How do you sing differently as Brünnhilde the demigoddess and Brünnhilde the mortal, and as she goes through these changes of outlook and identity? 

The funny thing is that I don’t even have to think about it.Wagner has orchestrated this so that all you have to do is listen to what instruments are playing at what times, what colors he provides in the orchestra, and he gives you the emotion. When she is forlorn or afraid, for example, she’ll often be paired with the bass clarinet—which, by the way, I could not dig more because I was a bass clarinet player, and every time I hear it, I get to geek out a little bit. Then, if she’s angry, she’s usually paired with the brass. It’s very clear to me, every single time, what color I need to use.

Now, for fun, I have some quickfire questions for you. Starting with—your favorite scene in the Ring?

Oh, that’s really hard. There’s nothing quickfire about that! It’s probably Brünnhilde’s scene with Wotan at the end of Walküre. It’s just heartbreaking.

Your hardest sing?

I think there’s a hard sing in each one of my three operas,but I would say the hardest is someplace around “Ewig war ich” in Siegfried [as Brünnhilde comes to terms with the loss of her immortality]. As long as I get the right tempo, I’m in good shape, but I really have to focus because, emotionally, it starts to get to me, and I can get in my own way.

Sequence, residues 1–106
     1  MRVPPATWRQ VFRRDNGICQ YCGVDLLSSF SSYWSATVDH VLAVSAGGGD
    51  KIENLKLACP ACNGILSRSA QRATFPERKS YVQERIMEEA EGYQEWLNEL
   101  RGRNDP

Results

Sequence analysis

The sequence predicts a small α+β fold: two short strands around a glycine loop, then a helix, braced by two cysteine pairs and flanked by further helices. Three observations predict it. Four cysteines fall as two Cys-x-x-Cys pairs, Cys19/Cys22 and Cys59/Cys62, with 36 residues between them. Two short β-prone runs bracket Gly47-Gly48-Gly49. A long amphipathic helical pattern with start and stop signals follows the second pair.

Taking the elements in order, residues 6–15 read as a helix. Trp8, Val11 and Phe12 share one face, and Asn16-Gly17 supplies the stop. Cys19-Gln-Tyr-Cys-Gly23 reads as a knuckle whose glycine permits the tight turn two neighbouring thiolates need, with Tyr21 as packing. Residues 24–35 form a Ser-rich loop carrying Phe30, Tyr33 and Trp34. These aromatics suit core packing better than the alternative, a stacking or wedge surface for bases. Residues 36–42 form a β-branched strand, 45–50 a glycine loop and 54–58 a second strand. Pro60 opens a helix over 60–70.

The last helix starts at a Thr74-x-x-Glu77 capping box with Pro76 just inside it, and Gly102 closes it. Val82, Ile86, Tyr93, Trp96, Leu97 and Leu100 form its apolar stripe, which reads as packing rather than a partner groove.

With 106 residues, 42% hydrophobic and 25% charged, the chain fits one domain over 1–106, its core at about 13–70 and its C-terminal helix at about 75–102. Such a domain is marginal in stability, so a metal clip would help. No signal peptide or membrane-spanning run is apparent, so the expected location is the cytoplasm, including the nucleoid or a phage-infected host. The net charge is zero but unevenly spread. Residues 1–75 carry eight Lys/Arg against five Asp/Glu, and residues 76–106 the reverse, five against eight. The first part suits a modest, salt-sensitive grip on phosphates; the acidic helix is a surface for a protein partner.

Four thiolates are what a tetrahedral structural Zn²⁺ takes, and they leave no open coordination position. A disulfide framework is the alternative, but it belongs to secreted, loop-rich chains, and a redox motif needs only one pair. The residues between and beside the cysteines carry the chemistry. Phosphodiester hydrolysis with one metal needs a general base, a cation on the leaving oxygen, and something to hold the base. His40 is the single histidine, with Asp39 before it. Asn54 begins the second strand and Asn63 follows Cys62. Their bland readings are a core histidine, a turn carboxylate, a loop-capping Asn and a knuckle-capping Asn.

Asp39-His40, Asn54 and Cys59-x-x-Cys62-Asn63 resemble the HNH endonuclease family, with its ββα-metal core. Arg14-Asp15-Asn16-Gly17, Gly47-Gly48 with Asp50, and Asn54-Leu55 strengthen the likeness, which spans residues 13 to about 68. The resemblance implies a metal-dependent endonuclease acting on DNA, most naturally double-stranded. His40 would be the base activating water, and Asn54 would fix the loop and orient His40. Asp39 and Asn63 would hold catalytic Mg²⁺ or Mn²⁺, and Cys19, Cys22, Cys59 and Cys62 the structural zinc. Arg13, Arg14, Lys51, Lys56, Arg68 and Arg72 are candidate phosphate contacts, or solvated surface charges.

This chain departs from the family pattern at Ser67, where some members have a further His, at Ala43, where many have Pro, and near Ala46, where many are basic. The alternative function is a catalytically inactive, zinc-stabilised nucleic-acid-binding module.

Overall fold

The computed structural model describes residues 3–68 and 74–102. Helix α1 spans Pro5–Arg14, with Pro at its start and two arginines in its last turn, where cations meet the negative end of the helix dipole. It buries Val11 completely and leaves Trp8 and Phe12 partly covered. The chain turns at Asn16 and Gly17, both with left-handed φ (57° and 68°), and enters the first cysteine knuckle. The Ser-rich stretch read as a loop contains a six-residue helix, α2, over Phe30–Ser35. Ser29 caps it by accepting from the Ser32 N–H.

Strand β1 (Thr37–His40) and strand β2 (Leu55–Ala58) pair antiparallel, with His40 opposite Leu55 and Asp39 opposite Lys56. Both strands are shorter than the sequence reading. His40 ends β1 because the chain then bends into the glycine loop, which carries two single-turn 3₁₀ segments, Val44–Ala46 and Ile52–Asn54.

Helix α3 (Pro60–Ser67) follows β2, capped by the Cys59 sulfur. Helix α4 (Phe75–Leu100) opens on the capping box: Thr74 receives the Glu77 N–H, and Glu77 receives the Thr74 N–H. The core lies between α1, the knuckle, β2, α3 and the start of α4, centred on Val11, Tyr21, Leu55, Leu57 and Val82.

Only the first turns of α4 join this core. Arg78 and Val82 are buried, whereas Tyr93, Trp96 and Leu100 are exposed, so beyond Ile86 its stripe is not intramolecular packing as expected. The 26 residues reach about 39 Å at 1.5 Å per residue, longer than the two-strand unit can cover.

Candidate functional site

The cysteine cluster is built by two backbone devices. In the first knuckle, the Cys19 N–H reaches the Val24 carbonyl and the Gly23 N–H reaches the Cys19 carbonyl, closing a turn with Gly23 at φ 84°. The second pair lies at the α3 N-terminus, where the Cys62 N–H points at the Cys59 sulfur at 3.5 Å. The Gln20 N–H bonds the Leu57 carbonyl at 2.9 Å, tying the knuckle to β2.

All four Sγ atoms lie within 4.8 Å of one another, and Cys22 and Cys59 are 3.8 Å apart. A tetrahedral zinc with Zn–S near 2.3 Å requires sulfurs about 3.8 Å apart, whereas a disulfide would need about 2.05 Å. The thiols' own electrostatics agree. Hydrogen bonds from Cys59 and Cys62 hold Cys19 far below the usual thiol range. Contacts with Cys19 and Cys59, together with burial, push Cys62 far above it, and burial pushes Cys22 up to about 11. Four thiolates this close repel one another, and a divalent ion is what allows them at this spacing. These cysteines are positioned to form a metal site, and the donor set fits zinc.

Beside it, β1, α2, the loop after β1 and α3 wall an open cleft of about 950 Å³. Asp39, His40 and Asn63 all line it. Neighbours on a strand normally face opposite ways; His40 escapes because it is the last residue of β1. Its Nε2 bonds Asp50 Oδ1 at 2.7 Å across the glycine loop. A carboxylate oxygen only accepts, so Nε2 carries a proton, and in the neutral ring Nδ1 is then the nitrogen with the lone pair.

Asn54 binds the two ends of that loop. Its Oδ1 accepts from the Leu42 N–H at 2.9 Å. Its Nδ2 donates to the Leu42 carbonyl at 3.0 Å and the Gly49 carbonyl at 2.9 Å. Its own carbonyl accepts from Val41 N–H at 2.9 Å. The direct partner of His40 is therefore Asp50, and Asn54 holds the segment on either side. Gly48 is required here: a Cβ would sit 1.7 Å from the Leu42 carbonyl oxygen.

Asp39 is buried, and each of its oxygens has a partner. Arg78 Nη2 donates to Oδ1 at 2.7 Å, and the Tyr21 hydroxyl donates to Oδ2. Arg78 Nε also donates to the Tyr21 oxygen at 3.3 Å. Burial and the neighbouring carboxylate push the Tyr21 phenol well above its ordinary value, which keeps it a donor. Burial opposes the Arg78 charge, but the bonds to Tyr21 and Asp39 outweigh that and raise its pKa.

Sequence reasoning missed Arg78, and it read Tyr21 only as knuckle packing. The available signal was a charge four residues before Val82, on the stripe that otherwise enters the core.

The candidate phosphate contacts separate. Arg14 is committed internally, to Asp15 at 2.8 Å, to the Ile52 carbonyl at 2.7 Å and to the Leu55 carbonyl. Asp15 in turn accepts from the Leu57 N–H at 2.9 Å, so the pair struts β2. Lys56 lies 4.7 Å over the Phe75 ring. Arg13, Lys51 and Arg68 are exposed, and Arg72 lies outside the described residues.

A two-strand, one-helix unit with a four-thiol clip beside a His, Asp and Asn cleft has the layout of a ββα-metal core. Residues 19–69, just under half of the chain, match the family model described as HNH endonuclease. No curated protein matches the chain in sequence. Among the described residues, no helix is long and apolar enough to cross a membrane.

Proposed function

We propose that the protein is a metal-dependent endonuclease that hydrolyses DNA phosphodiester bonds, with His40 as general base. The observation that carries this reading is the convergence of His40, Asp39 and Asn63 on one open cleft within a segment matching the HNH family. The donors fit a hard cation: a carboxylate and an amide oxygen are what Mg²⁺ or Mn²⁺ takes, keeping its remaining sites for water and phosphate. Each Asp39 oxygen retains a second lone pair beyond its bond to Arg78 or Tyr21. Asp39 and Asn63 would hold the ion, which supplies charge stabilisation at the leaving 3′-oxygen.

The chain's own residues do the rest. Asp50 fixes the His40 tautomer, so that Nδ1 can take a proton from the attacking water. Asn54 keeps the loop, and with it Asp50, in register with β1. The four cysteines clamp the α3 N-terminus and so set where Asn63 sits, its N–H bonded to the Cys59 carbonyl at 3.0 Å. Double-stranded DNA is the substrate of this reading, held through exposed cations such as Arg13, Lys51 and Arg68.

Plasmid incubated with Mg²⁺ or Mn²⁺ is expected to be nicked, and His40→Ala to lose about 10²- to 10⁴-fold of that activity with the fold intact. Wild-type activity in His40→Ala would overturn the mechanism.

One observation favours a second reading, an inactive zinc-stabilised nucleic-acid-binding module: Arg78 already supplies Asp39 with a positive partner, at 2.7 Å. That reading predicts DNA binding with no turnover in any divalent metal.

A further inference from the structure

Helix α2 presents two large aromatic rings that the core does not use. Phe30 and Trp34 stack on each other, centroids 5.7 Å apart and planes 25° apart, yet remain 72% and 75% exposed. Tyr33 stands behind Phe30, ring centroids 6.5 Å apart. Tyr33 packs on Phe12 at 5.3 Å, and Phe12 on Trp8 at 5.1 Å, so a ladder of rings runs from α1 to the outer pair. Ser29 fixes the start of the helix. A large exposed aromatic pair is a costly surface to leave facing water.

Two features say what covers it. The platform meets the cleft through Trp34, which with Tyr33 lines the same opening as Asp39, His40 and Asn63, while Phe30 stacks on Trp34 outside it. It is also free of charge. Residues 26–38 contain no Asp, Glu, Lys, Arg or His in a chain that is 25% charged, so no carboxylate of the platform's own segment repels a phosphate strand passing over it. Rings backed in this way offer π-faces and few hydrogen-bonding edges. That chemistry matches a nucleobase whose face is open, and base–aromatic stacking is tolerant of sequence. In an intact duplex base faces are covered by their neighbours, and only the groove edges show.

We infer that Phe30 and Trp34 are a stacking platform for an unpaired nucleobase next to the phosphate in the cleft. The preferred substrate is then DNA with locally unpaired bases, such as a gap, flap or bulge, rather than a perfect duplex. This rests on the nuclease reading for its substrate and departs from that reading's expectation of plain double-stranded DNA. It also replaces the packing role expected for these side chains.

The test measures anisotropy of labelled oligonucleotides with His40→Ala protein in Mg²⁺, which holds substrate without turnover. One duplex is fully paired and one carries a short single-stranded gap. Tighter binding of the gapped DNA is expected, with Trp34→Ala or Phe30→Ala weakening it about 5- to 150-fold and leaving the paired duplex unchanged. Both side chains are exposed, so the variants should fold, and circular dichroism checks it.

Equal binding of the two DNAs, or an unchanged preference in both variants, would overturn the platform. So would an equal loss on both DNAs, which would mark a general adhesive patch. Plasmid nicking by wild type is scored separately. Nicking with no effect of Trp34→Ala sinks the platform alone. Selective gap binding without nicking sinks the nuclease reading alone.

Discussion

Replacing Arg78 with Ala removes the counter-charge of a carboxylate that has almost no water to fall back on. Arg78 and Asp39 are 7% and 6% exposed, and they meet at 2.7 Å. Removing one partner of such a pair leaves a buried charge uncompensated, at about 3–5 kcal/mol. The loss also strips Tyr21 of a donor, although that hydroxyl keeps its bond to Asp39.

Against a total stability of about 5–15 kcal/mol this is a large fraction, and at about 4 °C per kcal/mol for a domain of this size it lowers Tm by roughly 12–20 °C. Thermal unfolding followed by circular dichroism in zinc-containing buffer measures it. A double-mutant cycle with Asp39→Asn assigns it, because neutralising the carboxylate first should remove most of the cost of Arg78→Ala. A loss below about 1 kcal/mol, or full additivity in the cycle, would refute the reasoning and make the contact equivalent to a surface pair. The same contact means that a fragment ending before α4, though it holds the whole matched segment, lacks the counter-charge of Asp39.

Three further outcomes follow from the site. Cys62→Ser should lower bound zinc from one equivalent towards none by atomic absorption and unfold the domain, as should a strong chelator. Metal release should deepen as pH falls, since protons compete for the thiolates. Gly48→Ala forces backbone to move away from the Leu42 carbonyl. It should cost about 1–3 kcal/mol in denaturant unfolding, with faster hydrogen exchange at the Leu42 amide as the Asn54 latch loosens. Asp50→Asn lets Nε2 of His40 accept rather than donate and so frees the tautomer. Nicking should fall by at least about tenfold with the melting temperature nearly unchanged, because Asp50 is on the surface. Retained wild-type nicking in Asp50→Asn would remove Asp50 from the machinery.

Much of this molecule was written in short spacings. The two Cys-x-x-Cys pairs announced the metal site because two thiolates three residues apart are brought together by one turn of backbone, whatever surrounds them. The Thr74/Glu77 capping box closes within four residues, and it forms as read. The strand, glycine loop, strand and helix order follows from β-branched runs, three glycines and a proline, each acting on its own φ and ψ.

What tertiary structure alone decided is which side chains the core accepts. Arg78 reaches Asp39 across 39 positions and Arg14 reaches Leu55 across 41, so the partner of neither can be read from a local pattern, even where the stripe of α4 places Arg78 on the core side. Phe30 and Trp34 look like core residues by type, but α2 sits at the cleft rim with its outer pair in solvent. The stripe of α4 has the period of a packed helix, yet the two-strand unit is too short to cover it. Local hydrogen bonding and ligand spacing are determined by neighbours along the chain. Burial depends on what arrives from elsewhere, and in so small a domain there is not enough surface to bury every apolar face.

The worst thing that’s gone wrong in one of your Ring performances?

In the Walküre production in Chicago, there is an amazinghorse that I ride out on, built on one of those old movie booms. It was up in the air, and I was standing on it, but it wasn’t connected quite right. The stagehands were trying to fix it, but I’m hearing the music for the scene, and Brandon Jovanovich [as Siegmund] is out there waiting for me. And I’m saying, “guys, you have three seconds, you have three seconds. I’m going to miss my entrance.” So finally, I disconnected myself and just walked right out, no horse. Brandon looked slightly confused, then amused, and that was it. Eventually, I found a way to get off to the side of the stage and came back mid-scene on the horse.

The Brünnhilde of the past that you most admire?

Well, I’d be an idiot if I didn’t admire Birgit Nilsson, but that’s an impossible thing to try to emulate. The one I love most is Astrid Varnay. No one has ever sung this role perfectly, but there’s so much color, so many aspects to the character, in her interpretation.

And finally, what’s the one thing you’d tell a newcomer to make them want to give the Ring a shot?

Don’t be afraid! If you like a good movie soundtrack, you will love the Ring. I was a huge movie-music freak when I was a kid, and I was fascinated by John Williams. I loved that I could listen and pick out the themes for different characters and emotions. And of course, it was only later that I realized—oh, somebody else did that first. Plus, the Ring is like Game of Thrones—you’ve got gods and dragons and heroes and all the rest.

That’s all very in right now.

Exactly! This is just the kind of epic thing that people areflocking to on TV and at the movies, but this is live. You can’t know what it feels like to be in front of the amount of sound that’s coming at you, without amplification, until you are sitting there. It’s absolutely worth every bit of the time and effort.

 

Jay Goodwin is the Met’s Editorial Director.